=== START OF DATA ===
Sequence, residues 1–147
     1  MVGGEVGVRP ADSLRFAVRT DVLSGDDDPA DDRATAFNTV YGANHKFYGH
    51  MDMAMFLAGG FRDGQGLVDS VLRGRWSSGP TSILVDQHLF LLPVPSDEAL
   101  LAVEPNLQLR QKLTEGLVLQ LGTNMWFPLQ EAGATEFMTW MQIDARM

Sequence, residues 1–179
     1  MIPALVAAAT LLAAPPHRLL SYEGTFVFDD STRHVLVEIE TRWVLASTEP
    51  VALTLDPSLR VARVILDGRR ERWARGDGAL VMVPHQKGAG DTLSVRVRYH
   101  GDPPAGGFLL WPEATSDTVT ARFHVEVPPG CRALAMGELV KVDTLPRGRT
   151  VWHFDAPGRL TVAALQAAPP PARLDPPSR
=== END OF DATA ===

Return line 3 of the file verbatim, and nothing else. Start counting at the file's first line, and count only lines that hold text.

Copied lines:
    51  MDMAMFLAGG FRDGQGLVDS VLRGRWSSGP TSILVDQHLF LLPVPSDEAL